Cuba’s state-run tobacco company says the country is producing 260 million “hand-rolled” cigars per year.
That figure came from a report from Prensa Latina, Cuba’s state news agency, which cited Justo Luis Fuentes and Miguel Vladimir Rodriguez, president and first vice-president of Grupo Empresarial de Tabaco de Cuba (Tabacuba), the company that oversees the manufacturing side of Cuban tobacco.
The report stated that the country exported 93.9 million handmade cigars, with the rest produced for national consumption, meaning 166.1 million cigars for an island of just under 11.5 million people and presumably some of the 4.8 million tourists the country welcomed in 2018. In 2016 the Cuban government’s Office of National Statistics said the country exported 91.4 million handmade cigars. It has not yet released figures for 2017 or 2018.
It’s unclear whether the terms premium, handmade and hand-rolled are being used interchangeably. Cuba produces a range of handmade cigars, from the traditional premium offerings such as Cohiba, Montecristo and Partagás, which the majority of Cubans would struggle to afford, down to cigars available only locally and generally referred to as peso sticks.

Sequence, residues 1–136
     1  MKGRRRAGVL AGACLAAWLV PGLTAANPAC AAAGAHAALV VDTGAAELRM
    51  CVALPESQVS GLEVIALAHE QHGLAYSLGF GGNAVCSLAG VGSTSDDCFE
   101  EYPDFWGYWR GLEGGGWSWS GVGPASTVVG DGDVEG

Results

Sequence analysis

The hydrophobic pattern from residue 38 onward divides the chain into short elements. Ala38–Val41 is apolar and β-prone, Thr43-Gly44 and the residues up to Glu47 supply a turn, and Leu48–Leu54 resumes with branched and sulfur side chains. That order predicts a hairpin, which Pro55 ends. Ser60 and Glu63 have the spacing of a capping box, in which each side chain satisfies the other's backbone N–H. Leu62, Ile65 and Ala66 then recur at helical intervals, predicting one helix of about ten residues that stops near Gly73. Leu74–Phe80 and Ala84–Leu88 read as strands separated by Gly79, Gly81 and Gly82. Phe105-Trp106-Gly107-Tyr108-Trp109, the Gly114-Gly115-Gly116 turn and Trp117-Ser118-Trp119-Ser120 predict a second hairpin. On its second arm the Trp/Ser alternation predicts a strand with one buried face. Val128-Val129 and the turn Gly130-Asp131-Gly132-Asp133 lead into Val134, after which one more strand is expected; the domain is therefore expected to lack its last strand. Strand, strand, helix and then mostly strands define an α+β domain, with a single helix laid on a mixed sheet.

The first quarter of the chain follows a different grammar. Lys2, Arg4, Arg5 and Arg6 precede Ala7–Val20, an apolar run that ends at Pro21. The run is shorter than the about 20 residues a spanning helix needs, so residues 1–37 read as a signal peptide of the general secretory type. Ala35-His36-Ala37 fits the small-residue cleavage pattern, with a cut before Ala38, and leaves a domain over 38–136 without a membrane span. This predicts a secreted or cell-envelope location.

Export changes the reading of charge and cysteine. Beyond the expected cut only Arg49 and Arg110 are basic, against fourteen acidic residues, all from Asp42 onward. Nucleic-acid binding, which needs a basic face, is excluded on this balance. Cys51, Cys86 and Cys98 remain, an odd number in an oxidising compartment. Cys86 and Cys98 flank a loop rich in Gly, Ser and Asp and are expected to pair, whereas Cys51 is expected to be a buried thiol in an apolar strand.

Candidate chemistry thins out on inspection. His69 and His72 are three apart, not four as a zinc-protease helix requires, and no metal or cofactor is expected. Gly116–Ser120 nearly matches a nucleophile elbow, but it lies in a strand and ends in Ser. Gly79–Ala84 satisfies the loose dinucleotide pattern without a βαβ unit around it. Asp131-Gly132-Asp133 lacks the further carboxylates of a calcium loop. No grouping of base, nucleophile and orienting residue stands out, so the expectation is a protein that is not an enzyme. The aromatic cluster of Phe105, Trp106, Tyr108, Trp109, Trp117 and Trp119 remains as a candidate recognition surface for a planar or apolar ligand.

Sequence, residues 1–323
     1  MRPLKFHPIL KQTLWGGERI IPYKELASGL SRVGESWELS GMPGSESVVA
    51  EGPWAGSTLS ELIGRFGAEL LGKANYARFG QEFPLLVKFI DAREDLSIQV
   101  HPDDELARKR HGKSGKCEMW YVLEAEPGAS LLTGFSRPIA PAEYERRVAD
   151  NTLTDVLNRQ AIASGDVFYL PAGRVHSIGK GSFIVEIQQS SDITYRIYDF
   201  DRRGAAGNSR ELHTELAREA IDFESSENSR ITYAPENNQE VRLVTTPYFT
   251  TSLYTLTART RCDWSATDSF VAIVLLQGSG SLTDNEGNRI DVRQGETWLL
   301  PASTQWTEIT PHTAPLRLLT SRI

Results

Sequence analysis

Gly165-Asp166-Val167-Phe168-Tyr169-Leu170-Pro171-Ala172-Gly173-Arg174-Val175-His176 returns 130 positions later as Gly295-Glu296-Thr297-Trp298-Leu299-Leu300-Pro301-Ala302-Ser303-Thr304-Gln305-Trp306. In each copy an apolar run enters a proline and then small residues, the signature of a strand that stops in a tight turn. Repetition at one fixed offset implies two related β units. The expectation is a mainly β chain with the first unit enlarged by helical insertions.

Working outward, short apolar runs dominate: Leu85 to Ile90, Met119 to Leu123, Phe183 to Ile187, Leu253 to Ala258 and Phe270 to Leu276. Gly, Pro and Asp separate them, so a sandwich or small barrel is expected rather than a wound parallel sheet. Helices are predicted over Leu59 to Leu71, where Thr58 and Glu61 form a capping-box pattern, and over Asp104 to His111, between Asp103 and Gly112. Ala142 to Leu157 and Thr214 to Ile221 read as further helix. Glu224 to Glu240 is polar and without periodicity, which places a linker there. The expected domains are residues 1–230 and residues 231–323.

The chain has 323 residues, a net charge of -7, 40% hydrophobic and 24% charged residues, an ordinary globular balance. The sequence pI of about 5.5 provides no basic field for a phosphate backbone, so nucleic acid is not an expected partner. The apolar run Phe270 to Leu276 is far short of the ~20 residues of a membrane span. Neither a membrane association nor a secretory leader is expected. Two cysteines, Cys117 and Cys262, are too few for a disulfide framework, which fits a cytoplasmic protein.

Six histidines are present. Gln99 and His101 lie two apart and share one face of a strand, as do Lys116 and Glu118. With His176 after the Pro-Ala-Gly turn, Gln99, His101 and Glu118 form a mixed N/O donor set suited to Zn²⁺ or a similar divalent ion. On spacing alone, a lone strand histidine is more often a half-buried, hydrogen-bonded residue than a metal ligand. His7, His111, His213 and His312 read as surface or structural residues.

Habanos S.A., the company responsible for sales and marketing of Cuban cigars worldwide, stated earlier this year that it believes there are 450 million “premium cigars” sold worldwide, a number which would seem to include cigars produced both in Cuba and in other countries.
Prensa Latina also said that the country makes 150 million machine-made cigars and exports 91 percent of them, about 136.5 million. The report also announced that Souza Cruz, a Brazilian subsidiary of British American Tobacco, has made an investment of $116 million in a new joint venture for machine-made cigars and cigarettes.